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Ignoring the Debt Will Come Back to Bite Us

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Unread 08.14.19, 11:30 PM
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Ignoring the Debt Will Come Back to Bite Us

On 08.14.19 12:19 PM posted by Romina Boccia

Shrinking the national debt would do a world of good for the country.

For one, it would allow us to ensure a strong national defense in theface of rising global threats. It would allow us to preserve and build on theTax Cuts and Jobs Act to keep taxes low and unleash further investment.

It would also boost incomes. A new analysis by theCongressional Budget Office found that shrinking the debt back down to itsaverage historical level could boost incomes by $5,500 per person in 30 years.

But rather than seize that opportunity, Washington keeps adding to thedebt.

The U.S. national debt just reached $22.3 trillion. Whenthe debt limit was raised as part of the Mnuchin-Pelosi budget deal recently signedby President Donald Trump, the debt took a big jump to account for theTreasury’s borrowing via loopholes (“extraordinary measures”) since it was lastbound by a debt limit.

That Mnuchin-Pelosi deal will add $320 billion in new spending over the next two years, catapulting annual budget deficits well past the $1 trillion mark. Such wide deficits haven’t been seen since the years immediately following the Great Recession.

Worse than previous budget deals agreed on during President Barack Obama’stenure, the deals cut under the Trump administration ignore the excessive and worsening spending problem thenation faces and neglect to take deficits and debt seriously by failing tooffset new spending with spending cuts elsewhere.

The Committee for a Responsible Federal Budget estimates that over thenext 10 years, this latest budget deal will increase deficits by $1.7trillion.

The problem with the government running high and rising yearly budgetdeficits is that they burden younger and future generations by consumingresources today instead of investing them, and adding to the national debt.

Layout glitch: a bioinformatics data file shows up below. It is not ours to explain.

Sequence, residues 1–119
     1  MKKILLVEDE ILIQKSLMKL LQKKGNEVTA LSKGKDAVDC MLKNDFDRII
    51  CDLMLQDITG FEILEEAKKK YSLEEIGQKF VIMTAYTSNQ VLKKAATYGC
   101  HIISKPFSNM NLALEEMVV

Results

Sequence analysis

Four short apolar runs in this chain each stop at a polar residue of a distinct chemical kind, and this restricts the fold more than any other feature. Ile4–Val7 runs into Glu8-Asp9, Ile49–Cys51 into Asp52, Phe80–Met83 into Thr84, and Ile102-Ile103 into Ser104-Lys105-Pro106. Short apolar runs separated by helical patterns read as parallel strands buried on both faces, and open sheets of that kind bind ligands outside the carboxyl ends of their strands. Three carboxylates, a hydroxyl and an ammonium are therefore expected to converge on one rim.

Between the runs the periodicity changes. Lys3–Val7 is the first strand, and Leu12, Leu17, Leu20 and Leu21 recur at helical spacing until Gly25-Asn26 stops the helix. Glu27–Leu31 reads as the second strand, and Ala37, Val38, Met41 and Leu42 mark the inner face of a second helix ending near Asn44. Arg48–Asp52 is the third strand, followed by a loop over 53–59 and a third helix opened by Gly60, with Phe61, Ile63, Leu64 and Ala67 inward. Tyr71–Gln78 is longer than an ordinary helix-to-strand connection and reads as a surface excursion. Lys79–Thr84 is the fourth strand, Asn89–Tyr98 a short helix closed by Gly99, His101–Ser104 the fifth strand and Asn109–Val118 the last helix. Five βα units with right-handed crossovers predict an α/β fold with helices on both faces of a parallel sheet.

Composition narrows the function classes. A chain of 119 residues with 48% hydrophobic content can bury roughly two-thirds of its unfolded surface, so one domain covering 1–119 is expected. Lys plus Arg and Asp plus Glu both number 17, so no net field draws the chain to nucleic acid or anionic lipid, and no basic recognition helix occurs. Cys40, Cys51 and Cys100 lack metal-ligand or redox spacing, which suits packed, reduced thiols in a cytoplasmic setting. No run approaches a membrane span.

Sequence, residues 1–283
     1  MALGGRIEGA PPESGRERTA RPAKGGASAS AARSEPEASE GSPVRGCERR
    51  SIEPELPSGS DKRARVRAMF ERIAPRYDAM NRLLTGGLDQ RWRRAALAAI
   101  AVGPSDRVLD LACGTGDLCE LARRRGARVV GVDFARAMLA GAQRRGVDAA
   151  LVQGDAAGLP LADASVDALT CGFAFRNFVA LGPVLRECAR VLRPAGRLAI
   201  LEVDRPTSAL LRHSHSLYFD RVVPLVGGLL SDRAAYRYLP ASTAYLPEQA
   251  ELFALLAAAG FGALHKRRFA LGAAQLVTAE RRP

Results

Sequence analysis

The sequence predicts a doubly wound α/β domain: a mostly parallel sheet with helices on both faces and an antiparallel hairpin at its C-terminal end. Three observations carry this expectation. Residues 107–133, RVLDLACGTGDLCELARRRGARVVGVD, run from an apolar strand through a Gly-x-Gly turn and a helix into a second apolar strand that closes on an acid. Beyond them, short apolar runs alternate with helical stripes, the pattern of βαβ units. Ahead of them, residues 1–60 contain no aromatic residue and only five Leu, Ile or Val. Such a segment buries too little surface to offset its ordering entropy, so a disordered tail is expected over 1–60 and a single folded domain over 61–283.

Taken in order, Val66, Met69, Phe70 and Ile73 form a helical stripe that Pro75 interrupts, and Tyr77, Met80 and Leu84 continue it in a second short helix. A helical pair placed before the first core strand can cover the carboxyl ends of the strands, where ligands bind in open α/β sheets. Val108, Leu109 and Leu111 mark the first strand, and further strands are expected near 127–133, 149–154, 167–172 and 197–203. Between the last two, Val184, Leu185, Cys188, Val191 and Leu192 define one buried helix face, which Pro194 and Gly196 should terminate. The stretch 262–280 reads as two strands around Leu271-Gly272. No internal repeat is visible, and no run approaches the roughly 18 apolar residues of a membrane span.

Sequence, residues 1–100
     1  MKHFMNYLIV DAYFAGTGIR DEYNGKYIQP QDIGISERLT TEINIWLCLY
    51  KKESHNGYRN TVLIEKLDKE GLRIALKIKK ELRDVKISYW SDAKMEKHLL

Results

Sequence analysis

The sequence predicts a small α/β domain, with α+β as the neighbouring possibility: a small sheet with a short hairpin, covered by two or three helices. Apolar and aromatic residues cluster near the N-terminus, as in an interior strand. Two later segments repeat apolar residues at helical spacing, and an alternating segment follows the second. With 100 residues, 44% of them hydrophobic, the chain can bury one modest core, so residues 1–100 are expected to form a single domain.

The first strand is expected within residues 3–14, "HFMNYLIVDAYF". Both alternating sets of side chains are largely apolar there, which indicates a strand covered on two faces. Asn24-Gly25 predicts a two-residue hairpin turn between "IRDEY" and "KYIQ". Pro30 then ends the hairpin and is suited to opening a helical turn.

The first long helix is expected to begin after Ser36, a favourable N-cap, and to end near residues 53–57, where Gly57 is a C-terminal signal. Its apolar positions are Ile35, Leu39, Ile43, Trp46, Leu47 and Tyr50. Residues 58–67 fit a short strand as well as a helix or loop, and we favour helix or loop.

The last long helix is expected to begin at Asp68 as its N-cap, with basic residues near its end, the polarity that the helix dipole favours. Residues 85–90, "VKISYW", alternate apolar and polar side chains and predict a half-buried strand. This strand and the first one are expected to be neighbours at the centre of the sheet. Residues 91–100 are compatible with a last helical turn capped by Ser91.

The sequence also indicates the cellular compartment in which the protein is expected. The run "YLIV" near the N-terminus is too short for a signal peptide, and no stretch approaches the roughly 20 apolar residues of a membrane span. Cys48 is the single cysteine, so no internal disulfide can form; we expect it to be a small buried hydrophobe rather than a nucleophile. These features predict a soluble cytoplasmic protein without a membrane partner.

The debt also generates interest costs, which divert taxpayer moneyaway from other national priorities toward paying the borrowing costs forspending that was done in the past.

At year-end (the fiscal year ends on Sept. 30), if the government spent more money than it collected in taxes, this results in a budget deficit. The deficit for that year adds to the total amount the government owes: the national debt.

The national debt incurs a cost, called interest. Just like the interest we pay on mortgages and car loans, the federal government owes interest on the national debt. And this interest cost is growing rapidly.

(Photo: Federal Budget in Pictures)The debt itself is also vast and growing. Publicly held debt (over $16 trillion of the more than $22 trillion in national debt) is at 78% of gross domestic product and is expected to reach 100% within the next 10 years.

Right now, paying off the national debt would require $67,000 from every single person living in the United States. That’s more than $200,000 for a family of three. Add in debt owed to federal government agencies—intra-governmental debt—and the gross national debt already exceeds the U.S. economy, which was $20 trillion in total in 2018.

Why don’t people care?